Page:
The methods and approaches that you apply for teaching white students may not work for students of color. That’s why it’s imperative to hone your teaching skills and become a well-rounded educator. One way to do so is by taking professional development. Many institutions across the United States are offering certification programs, interactive sessions, and workshops on myriads of topics. Whether you are a full-time faculty, an adjunct, or a school teacher, you can develop your teaching skills with short courses online. If you’re interested in providing better teaching to students of color, then join CORA’s online teaching courses for community college faculty and school teachers.
Online Teaching Programs for Educators and Support Staff
Advantage of CORA’s Online Teaching Programs
We have poured in lots of research and efforts in designing our online teaching courses to help you learn to teach men of color better. The strategies and approaches that we teach are derived from practical instances related to the historically underrepresented and underserved students. Enrolling in our online training programs will provide you with comprehensive insights into the circumstances that contribute to the disparate outcomes in work and education for men of color. Moreover, you can also earn CEUs by enrolling in online professional development courses. The training courses are designed by Dr. Frank Harris III and Dr. J. Luke Wood, who are committed for enhancing the capacity of educators and community colleges to improve academic outcomes for men of color.
Donna Y. Ford, PhD, is a Distinguished Professor of Education and Human Ecology and Kirwan Institute Faculty Affiliate at The Ohio State University’s College of Education and Human Ecology. She is in the Educational Studies Dept., Special Education Program. She returned to OSU in Aug. 2019. Professor Ford was formerly an endowed chair at Vanderbilt University in the College of Education. Dr. Ford has been a Professor of Special Education at the Ohio State University, an Associate Professor of Educational Psychology at the University of Virginia, and an Assistant Professor at the University of Kentucky.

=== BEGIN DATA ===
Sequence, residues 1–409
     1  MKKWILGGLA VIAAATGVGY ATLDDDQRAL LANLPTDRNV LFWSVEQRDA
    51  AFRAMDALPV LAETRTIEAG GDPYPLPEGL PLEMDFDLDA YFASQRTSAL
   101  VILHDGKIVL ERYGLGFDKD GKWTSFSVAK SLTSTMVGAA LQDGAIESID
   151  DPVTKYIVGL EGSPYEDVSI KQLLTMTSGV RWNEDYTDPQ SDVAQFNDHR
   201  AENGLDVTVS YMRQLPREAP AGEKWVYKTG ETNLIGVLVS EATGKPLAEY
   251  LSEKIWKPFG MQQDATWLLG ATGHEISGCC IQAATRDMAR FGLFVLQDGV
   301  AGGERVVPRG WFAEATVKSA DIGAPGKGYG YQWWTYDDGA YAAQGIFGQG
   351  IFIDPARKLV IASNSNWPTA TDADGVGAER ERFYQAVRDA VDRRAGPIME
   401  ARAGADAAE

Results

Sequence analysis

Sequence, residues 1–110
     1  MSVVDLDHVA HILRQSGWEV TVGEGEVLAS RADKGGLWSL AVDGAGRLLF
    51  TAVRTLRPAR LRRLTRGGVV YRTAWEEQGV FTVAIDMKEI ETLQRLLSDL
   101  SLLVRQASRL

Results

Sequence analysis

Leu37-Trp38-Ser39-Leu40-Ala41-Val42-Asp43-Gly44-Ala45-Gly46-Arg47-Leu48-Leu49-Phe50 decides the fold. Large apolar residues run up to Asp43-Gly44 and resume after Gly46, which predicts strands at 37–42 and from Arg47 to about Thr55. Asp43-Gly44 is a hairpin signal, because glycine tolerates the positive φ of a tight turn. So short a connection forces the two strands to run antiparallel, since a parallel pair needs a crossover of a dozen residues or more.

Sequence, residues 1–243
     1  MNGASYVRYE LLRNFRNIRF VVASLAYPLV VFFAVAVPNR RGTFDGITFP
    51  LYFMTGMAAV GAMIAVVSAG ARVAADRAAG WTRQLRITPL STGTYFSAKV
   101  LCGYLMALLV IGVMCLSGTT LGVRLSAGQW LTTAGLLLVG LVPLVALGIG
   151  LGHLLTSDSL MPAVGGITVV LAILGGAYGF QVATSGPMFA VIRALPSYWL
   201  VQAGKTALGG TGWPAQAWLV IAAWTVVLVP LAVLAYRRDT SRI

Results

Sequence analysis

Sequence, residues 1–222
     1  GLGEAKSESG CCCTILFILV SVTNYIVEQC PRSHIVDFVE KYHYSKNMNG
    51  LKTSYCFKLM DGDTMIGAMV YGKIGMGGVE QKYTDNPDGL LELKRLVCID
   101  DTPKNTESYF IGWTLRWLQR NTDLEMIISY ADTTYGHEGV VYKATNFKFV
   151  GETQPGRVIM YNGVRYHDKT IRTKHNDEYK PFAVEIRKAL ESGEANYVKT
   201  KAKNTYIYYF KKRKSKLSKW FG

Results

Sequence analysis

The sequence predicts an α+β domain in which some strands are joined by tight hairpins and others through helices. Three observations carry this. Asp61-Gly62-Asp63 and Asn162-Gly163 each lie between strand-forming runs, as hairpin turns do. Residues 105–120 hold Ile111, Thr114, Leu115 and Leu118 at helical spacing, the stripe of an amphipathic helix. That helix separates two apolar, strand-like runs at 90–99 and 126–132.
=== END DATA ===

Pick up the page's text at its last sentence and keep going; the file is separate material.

Frank Harris III
Dr. Frank Harris III is a professor of postsecondary education and Co-Director of the Community College Equity Assessment Lab (CCEAL) at San Diego State University. He is best known for his expertise in racial [in]equity in postsecondary education and has made important contributions to knowledge about college student development and the social construction of gender and race in college contexts. His work prioritizes populations that have been historically underrepresented and underserved in education.
J. Luke Wood
J. Luke Wood, Ph.D. is Dean’s Distinguished Professor of Education and Vice President for Student Affairs & Campus Diversity at San Diego State University. Formerly Wood served as Associate Vice President for Diversity and Innovation. Dr. Wood is also Co-Director of the Community College Equity Assessment Lab (CCEAL), a national research and practice center that partners with community colleges to support their capacity in advancing outcomes for men of color. He has delivered over 1,000 scholarly and conference presentations and more than 150 publications to his credit, including 15 books and 75 peer-reviewed journal articles.
Dr. Carlos Nevarez received his Ph.D. from Arizona State University in Educational Leadership and Policy Studies. He is a Full Professor with the Doctorate in Educational Leadership and Executive Editor for the Journal of Transformative Leadership and Policy Studies at Sacramento State. Dr. Nevarez prior leadership experience include serving as the Interim Chair, Graduate & Professional Studies. In Addition to serving as Director of the Educational Leadership Program at Sacramento State. Dr. Nevarez has authored over thirty publications. His work is designed to be both accessible and actionable in addressing educational challenges and opportunities facing schools and colleges.
Dr. Sim Barhoum is an Associate Professor of English at San Diego Mesa College. Professor Barhoum earned his doctoral degree in Educational Leadership with a specialization in Community College/Postsecondary Education from San Diego State University. He has taught a wide range of education courses, from high school-level to graduate-level, in a variety of teaching formats, from traditional to online. Dr. Barhoum’s research focuses on developmental pathways, barriers to underserved students, and best practices for all community college students. In particular, his contributions examine active learning, relational practices, and educational models.
George R. Boggs
George R. Boggs is President and CEO Emeritus of the American Association of Community Colleges and Superintendent/President Emeritus of Palomar College in San Marcos, California. He continues to be an active consultant, teacher, author, and speaker. He is the author of more than 100 articles, books, and chapters on various aspects of higher education. He currently teaches classes in emerging higher education issues in doctoral programs at San Diego State University and National American University.